Tax Assessors Roll Back Decision on Elderly Tax Exemption Changes

Board of Assessors, News

ELLIJAY, Ga. – The Gilmer County Board of Tax Assessors voted to roll back their recent decision on House Bill 1383, which was given the green light during their meeting held on Thursday, June 20, 2019.

This bill ultimately determines what structures on a property are exempt for those 65 years of age or older in regards to the Gilmer County school district ad valorem taxes.

The board did as they informed the public they would do and got advice from Attorney Joe Scheuer of the Association of County Commissioners of Georgia regarding the interpretation of the law.

In a three-page document to the board, Scheuer stated that “I believe this question involves a determination that must be made on a case by case basis locally”, but went on to say that “Homestead includes the following qualifications: The actual permanent place of residence, where the building is occupied primarily as a dwelling. In other words, with respect to the home, the exemption is limited to that structure so that attached structures are included; garage, deck, etc. Other structures, such as detached garages, gazebos, etc. are not included. Detached structures, to my knowledge, have never been included as part of the building which is occupied as the primary dwelling, or at least they were not supposed to have been included.”

However, because what this attorney says differs from what the state legislative liaison has said on the matter, County Attorney David Clark believes the board needs an opinion from the attorney general.

Ultimately, due to the two conflicting readings and two entirely different opinions as to how the tax code should be implemented, the board voted in favor of rolling back the decision to uphold the new changes, continuing with the way things were in 2018 until the board receives further clarification.

The issue with this decision, as the board pointed out, is that structures of business such as chicken houses, barns, etc. will be exempt of the school system taxes as they were in 2018.

But because of the deadlines involved, the board decided it would still be easier just to go with the 2018 interpretation without modification.

No further public mailings are required on behalf of the board because of this decision.

The board will be re-examining the definitions of the bill in the near future and hopes to have a definitive interpretation by 2020, so be sure to stay tuned for future updates!

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Newly-adopted bill ignores certain structures from elderly tax exemptions

Board of Assessors, News

ELLIJAY, Ga. – House Bill 1383 was the topic of much debate during the Board of Tax Assessor’s meeting on Thursday, June 20, 2019.

Up until adoption of this bill, those who were 65 years of age or older were exempt from paying the Gilmer County school district ad valorem taxes on their property.

This is still in place. However, this no longer exempts structures that are not considered to be the primary dwelling place of the property owner.

As Chief Appraised Theresa Gooch explained, the interpretation of this bill “Does not include any buildings not attached to the primary residence. It still exempts 100% on the primary home, all of the land and any structures that are attached by a common roof line.”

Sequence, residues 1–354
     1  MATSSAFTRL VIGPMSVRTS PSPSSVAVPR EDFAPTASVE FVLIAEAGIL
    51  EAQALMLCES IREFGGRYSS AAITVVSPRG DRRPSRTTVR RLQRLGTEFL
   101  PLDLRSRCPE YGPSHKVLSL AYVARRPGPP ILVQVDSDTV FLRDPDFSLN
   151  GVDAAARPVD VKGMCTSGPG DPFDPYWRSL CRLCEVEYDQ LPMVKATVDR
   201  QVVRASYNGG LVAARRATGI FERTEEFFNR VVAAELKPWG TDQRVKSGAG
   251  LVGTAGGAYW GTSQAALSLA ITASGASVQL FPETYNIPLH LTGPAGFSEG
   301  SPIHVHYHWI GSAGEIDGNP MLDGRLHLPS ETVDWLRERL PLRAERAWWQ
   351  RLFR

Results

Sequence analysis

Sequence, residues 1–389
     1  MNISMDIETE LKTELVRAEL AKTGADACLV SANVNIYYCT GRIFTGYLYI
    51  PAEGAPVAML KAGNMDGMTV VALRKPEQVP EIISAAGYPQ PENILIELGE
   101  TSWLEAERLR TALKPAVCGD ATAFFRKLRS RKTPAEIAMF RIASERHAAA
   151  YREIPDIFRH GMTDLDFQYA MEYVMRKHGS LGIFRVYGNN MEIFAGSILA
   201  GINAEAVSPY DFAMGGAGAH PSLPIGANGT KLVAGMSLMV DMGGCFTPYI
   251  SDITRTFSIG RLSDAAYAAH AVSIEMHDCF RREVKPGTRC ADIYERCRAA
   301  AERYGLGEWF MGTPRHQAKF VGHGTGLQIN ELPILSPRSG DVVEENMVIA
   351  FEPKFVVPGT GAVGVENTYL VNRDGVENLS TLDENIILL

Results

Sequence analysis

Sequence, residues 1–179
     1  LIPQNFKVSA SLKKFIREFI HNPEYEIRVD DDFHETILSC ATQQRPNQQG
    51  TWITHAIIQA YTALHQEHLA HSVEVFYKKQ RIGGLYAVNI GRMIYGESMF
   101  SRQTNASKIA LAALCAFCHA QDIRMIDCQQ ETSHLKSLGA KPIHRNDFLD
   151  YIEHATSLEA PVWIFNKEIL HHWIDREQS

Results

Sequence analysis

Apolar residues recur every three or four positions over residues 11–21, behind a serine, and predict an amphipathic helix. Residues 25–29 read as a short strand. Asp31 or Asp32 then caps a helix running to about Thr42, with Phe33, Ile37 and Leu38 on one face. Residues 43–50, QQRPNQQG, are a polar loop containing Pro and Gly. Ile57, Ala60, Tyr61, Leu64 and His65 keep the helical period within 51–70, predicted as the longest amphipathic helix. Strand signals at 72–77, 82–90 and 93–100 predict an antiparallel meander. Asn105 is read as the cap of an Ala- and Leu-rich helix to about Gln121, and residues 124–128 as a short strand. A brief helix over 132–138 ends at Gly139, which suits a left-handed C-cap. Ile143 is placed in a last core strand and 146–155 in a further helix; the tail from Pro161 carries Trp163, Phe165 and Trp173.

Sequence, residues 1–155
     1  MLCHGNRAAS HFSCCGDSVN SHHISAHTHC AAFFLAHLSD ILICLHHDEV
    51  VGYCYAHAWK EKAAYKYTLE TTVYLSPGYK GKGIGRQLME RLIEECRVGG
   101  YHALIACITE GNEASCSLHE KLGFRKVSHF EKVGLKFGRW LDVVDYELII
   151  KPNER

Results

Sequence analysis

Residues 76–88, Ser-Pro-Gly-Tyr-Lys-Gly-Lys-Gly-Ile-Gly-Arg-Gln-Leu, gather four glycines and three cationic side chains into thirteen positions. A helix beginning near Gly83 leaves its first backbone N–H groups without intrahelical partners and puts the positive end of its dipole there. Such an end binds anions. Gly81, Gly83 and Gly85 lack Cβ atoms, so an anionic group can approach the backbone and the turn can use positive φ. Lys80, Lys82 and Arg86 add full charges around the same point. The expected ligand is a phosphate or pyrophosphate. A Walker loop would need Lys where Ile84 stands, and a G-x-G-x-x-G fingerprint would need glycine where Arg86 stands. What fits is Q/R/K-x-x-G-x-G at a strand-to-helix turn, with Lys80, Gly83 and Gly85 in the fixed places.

In short, structures not attached to your home by the roof line are no longer tax exempt.

This would include structures such as wood sheds, barns, out houses, green houses, etc. Whereas in the past, all structures on the entire property were exempt.

According to County Attorney David Clark, “the state is the entity that has guided the board to the specific definition as to what constitutes a homestead.”

The board explained “No one here was associated with the implementation of this bill in ’08. But it was implemented simply by applying the exemption to anyone over 65 who applied for appeals and asked for a homestead. Chicken houses, business’, etc. things that clearly didn’t belong in a homestead were caught up in it. The chicken houses and business’ were cleaned up shortly after that ’08 thing. I don’t even recall what brought this to our attention. But the law says under the definition of the state statute that the dwelling is the exempt item. The land and the residence.”

When asked why it took so long for the board to bring this up, they responded that they honestly weren’t sure, and that it just didn’t come to their attention prior.

Many citizens present were very against this change, however.

Many are concerned that the board simply wants nothing more than to tax them more, with one citizen stating “My neighbor has the same roof line. He has a horse barn. Now we’re not taxing it because it shares the same roof line? What’s next? I move my daughter in the basement, now I’m not occupying it, she is, so you’re going to tax my basement for that? That’s where we could go if we continue to let you erode our rights here. This isn’t right. Let’s stay where we’re at. Manage the money we already give you, and not try to take more away from us. It’s difficult enough as it is living on a fixed income.”

The board voted in favor of this bill under the grounds that they have no choice at this point in time due to digest and submission process timelines.

However, citizens have until Monday, July 1, 2019 to file an appeal with the board, which will likely go to the Board of Equalization and potentially the superior court.

The board also states that they will re-address this issue and give full clarification from the proper state authorities by Tuesday, January 1, 2020.

Stay tuned for developments on this bill as they become known!

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